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Art For Nature From Nature With Nature

From the Interspecies Newsletter

Interspecies.com promotes an aesthetic that calls attention to environmental issues. We rely on art to present the issues in an unforgettable and incontrovertible manner, continually encouraging artists to create works that include natural processes in their manifestation. Here's three conceptual art projects we think more people need to hear about. If you know of a project that is conceptually provocative and ecologically helpful, we'd like to hear about it. If we like it, we'll add it to this page.

1. No Oil Please

The Arctic National Wildlife Refuge is sometimes called America's Serengeti for its immense size and concentration of wildlife. Located in northeastern Alaska, it is the largest block of wilderness lerft in the entire United States, containing 1/5 of all land in the Federal Refuge System. This wilderness is in jeopardy as the American congress and the oil companies greedily eye it for new development. The industry already has its machinery in place to start drilling test wells in the hope of locating the next temporary boom site. Temporary is a good word for it, since even the best estimates place the supply at fulfilling US oil needs for 100 days. Many Republicans are in favor of drilling. Al Gore is on the fence. We propose the production of a music video that lets the caribou speak for themselves. These animals are naturally attarcted to salt. Laying out salt in some simple pre-determined pattern, such as the words NO OIL PLEASE will prompt the caribou to gravitate to the salt and spell out the message. Let's make it large enough to be filmed from an airplane flying high over the earth. Is it possilbe to make it large enough to be seen from space? If these images of the caribou and the people laying out the salt are joined with a song describing the situation, and performed by some well-known rock group, the consequences of of the drilling, would affect far more people than if the issue were merely framed as an item of news. Artist Daniel Dancer has been sculpting zeros out of found materials in National Forests all across America, as part of his Interspecies Inc. sponsored Zero Circles Project. Daniel has suggested the alternative of laying out the salt in a circle, which engages the caribou to create a zero, which serves as their political declaration for zero drilling within their pristine habitat. 

2. Tuning the Aurora

The geomagnetic pole in west-central Greenland is the centerpoint of a large oval area within which the Aurora Borealis originates. It operates like a funnel through which vast electro-magnetic energies are generated by the solar wind becoming charged as it passes through the Earth's magnetic field. The result is a light show of nearly global magnitude. Although the Northern Lights are best known for visual pyrotechnics; they create sounds as well. There are literally hundreds of accounts of native people reporting rustles, crackles, and hissing during a display of the Aurora. So far, scientists have been unable to makle recordings of the phenomenon. All their attempts were made with microphones pointing towards the sky. We'll try a different approach suggested by the audio artist, Michael Theroux. A wire is soldered to a length of rebar, with a phone jack soldered tro the wire so it can be plugged intova tape rtecorder. The rebar is then pounded into the ground, which in effect, turns the Earth itself into a giant microphone. Theroux has had good luck using the device to record earthquakes as well as other sounds not yet idenitifed. He hypothesizes that the Aurora probably makes the ground vibrate. We are currently exploring various musical instruments that can be "played" or modulated by the Aurora's energy. For instance, envision three tuned wires, each one several hundred yards in length, each with its own pickup, strung on fence posts in such a manner as to create sympathetic vibratioins when placed in a magnetic field like the one generated by the Aurora.Another instrument seems a more ancient version of Theroux's rebar. According to several Confucian sources, the ancient Chinese constructed Lu pipes, which were tubes of bamboo or bronze pounded into the earth to channel Ch'i energy powerful enough to blow out ashes packed in their ends. If any reader of this page has other ideas for recording or playing the aurora, email us, we'd love to hear about them.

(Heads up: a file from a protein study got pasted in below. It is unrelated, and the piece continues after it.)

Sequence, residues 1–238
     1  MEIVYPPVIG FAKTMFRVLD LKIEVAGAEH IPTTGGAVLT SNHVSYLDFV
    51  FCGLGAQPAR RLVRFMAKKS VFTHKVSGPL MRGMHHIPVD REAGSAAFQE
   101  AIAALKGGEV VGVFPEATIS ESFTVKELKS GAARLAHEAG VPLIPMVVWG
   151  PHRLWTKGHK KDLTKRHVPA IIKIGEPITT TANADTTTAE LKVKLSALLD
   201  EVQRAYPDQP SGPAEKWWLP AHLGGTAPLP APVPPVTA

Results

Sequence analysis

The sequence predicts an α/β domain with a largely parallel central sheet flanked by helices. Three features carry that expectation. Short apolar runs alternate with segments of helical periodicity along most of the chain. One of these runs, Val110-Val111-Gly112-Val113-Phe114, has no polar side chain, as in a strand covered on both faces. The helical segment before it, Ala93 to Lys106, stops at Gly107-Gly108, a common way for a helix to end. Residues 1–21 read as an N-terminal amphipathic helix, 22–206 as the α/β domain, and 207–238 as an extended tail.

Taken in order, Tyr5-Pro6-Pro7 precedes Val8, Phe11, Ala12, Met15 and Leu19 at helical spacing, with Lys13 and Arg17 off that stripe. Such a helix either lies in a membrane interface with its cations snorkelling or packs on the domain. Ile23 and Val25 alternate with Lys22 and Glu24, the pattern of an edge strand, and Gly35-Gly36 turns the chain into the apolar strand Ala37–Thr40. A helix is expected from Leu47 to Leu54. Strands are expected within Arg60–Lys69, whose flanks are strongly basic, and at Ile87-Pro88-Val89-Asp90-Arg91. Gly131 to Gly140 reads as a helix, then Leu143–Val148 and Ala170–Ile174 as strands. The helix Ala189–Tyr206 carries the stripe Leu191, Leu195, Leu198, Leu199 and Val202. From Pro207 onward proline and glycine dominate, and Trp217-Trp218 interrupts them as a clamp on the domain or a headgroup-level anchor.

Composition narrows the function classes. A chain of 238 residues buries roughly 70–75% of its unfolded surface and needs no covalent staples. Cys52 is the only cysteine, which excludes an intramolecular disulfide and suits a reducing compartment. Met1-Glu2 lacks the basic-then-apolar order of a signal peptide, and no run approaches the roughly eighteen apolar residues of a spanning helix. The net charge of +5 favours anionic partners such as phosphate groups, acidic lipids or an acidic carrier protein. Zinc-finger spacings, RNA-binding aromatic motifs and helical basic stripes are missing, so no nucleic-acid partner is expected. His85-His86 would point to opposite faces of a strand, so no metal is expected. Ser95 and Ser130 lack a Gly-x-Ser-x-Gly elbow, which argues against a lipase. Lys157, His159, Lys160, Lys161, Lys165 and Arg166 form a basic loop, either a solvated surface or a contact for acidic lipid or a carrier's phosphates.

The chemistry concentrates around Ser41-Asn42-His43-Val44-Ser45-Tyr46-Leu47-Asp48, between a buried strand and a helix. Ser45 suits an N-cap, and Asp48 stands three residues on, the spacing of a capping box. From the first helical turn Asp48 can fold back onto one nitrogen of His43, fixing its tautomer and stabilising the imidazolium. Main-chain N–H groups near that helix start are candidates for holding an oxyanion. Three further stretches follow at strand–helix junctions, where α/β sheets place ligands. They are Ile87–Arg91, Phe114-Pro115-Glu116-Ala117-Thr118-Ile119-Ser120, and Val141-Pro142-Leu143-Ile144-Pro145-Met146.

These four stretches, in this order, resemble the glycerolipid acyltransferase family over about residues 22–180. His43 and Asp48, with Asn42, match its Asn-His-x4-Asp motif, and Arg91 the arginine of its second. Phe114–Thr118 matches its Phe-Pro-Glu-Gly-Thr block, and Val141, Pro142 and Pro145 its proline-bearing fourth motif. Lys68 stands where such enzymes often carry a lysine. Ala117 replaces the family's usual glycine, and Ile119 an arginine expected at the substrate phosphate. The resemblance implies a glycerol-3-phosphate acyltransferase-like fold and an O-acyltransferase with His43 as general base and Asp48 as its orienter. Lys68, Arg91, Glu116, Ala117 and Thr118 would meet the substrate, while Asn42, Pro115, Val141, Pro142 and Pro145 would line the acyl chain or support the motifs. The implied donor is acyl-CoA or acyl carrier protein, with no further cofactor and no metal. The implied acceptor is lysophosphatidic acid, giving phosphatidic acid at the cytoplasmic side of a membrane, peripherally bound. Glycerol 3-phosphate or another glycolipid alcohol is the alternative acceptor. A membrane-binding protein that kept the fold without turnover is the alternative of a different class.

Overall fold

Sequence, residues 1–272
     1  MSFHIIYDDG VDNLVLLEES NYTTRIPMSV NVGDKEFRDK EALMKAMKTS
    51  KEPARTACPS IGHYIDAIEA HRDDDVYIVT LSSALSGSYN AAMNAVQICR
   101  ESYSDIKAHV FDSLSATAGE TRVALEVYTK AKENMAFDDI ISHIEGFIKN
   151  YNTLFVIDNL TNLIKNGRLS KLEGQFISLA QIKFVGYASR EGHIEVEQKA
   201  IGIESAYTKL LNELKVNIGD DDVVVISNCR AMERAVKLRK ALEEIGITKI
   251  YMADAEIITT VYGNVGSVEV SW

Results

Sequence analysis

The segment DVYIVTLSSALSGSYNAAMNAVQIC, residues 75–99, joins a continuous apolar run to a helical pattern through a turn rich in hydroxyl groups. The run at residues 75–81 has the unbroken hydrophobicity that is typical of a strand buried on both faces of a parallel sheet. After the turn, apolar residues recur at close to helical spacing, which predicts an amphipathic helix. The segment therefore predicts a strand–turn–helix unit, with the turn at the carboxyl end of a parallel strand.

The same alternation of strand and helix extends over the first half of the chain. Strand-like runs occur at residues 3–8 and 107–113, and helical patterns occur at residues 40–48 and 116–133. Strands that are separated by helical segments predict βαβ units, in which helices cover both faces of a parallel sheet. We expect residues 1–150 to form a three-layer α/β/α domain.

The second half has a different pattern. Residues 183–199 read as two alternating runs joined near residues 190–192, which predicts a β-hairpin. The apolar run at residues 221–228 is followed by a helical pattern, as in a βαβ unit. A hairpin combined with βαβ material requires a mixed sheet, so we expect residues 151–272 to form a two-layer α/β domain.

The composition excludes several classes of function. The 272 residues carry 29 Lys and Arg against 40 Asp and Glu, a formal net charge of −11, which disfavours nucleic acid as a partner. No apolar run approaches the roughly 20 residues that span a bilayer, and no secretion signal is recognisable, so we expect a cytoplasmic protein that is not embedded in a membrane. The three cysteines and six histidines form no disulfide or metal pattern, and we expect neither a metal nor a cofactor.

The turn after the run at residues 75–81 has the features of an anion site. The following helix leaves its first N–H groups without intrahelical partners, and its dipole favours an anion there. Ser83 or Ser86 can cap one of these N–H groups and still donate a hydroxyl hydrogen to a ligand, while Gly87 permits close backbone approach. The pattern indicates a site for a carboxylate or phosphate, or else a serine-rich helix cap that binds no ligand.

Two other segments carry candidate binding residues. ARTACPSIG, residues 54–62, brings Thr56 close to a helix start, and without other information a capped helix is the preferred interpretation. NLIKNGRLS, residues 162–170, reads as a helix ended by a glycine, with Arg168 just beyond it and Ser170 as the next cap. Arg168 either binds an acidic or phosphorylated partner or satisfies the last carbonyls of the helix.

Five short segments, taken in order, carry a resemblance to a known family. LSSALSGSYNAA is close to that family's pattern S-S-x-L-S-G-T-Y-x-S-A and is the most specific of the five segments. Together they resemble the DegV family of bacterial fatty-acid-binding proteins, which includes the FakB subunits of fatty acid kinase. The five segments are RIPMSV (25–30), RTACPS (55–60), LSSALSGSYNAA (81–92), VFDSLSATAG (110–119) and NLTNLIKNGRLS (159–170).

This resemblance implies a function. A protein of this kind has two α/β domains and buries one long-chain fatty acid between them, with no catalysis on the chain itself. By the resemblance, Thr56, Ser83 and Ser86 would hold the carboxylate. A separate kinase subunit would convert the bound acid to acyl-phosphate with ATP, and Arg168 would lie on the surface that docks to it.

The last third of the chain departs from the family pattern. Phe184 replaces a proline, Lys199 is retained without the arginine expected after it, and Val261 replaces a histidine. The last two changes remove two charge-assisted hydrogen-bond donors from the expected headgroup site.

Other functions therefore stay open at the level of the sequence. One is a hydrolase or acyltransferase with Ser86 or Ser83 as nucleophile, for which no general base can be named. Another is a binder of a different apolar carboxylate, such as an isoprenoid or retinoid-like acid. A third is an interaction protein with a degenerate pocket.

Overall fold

3. The Planting Spiral

Desertification is the term invented to describe the desert's encroachment on arable land. It 's effects are most visible in North Africa where the Sahara has moved southeard 100 kilometers in just the past seventeen years. Planting trees to stop the desert is not a new idea, what is new, is designing these plantings to optimize the result. Like all the other projects outlined on this page, The Tree Spiral design for planting the minimal amount of trees that grows to achieve the maximum effect. It not only draws upon classical geometry and botany, but also upon the modern sculptural movement of "earthworks" exemplified by Robert Smithson's Spiral Jetty, constructed at great Salt Lake. This piece was created and developed by Alan Armstrong of the Tree Brigade. In his efforts to promote the concept, Armstrong was in correspondence with Egyptian president Anwar Sadat in the year before the leader's death. The original spiral planting was designed to originate at the Nile delta and spiral through Egypt, across to Sinai and the Arabian Peninsula, terminating at the head of the Gulf of Aqaba. Armstrong believes that in order to stop desertification, the planting would have to be large enough to be viewed from space.

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